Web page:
JoJo and Taz smelled something strange in the air. Mommy seemed anxious and kept going outside. The birds could hear sirens screaming the distance. Taz shrieked. JoJo chirped loudly in fear. Dad burst through the front door and into the back yard. Something was happening! Mommy covered the cages and the smell was gone. The dogs were in the house barking and jumping at the back door but were not allowed to go out. Mommy brought the cat from her room and put her into her carrier. The cat meowed loudly. Taz and JoJo were afraid. A fire burned in a field behind the house.
Preparedness is important, even critical at times when disaster strikes. Not being prepared can result in disaster and even death or injury. As pet owners we are responsible for the well-being and safety of our pets. Setting them free is not an option. It is important to plan.
This information from ASPCA-Disaster Preparedness is a good plan to get you started.
General Evacuation Information for all pets
Get a Rescue Alert Sticker
Place an alert sticker on or near your front door to let people know that pets are inside your home. Make sure it is visible to rescue workers, and that it includes the types and number of pets in your home as well as the name and number of your veterinarian. If you must evacuate with your pets, and if time allows, write “EVACUATED” across the stickers. To get a free emergency pet alert sticker for your home, go to the ASPCA website. Your local pet supply store may also sell similar stickers.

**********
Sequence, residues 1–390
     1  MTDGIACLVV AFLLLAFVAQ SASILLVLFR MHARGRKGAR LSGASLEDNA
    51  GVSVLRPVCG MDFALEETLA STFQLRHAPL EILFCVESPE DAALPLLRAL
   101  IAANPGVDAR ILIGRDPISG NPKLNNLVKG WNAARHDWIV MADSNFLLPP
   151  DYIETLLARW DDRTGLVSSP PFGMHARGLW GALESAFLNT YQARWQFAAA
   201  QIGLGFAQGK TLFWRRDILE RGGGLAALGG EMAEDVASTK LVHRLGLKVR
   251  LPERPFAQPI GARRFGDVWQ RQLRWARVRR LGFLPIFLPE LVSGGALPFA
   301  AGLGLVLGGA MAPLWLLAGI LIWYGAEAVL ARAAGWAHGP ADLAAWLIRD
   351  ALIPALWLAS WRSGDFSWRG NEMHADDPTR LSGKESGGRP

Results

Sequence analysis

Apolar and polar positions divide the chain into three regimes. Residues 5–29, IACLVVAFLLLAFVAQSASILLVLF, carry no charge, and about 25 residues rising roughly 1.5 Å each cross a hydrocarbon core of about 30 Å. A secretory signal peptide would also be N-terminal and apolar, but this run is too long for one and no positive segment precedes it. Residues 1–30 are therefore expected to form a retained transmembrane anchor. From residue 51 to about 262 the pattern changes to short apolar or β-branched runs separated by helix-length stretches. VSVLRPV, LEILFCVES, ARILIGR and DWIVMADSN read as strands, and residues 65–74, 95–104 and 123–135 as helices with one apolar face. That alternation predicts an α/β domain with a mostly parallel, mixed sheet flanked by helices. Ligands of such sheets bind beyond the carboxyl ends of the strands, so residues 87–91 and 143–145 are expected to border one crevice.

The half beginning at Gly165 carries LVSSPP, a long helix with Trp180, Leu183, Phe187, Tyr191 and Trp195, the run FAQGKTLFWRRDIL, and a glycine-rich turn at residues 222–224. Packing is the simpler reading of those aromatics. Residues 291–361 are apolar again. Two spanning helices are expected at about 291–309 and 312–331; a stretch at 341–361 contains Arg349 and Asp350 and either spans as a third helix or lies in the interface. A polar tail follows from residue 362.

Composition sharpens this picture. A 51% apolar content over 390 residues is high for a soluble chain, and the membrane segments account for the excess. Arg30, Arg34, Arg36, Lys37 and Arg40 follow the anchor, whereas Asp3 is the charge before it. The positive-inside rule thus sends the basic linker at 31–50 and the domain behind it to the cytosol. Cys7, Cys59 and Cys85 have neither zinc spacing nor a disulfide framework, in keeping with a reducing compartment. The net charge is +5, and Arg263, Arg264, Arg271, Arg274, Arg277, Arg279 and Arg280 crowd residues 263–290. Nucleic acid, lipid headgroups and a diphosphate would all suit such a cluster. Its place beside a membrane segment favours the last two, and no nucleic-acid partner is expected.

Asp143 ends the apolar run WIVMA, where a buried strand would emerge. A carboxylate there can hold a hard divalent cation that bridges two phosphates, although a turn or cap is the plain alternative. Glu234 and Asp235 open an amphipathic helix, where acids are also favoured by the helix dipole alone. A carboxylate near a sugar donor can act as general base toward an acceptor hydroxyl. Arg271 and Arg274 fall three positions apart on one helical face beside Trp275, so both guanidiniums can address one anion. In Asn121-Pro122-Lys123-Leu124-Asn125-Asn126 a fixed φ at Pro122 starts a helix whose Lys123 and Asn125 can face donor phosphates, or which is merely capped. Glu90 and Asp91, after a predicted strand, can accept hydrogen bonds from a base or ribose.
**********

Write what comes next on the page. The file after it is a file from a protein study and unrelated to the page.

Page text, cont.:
Arrange a Safe Haven
Arrange a safe haven for your pets in the event of evacuation. DO NOT LEAVE YOUR PETS BEHIND. They may become trapped or escape to numerous life-threatening hazards. Not all shelters accept pets, so you must determine where you will bring your pets ahead of time:
- Contact your veterinarian for a list of preferred boarding kennels and facilities.
- Ask your local animal shelter if they provide emergency shelter or foster care for pets.
- Identify hotels or motels outside of your immediate area that accept pets.
- Ask friends and relatives outside your immediate area if they would be willing to take in your pet.
Choose “Designated Caregivers”
When choosing a temporary caregiver, consider someone who lives close to your residence or a neighbor. This should be person who is generally home during the day and has access to your home. Give a set of keys to this individual.
Prepare Emergency Supplies and Traveling Kits
If you must evacuate your home in a crisis, plan for the worst-case scenario. Assume that you may not be allowed to return for several weeks. Minimize evacuation time with these simple steps:
- All pets should wear collars and tags with up-to-date identification information including urgent medical needs. Also write your pet’s name, your name and contact information on your pet’s carrier.
- Always bring pets indoors at the first sign or warning of a storm or disaster. Pets can become disoriented and wander away from home in a crisis.
- Store an emergency kit and leashes as close to an exit as possible. Make sure that everyone in the family knows where it is, and that it is clearly labeled and easy to carry. Items to keep in your “Evac-Pack” include: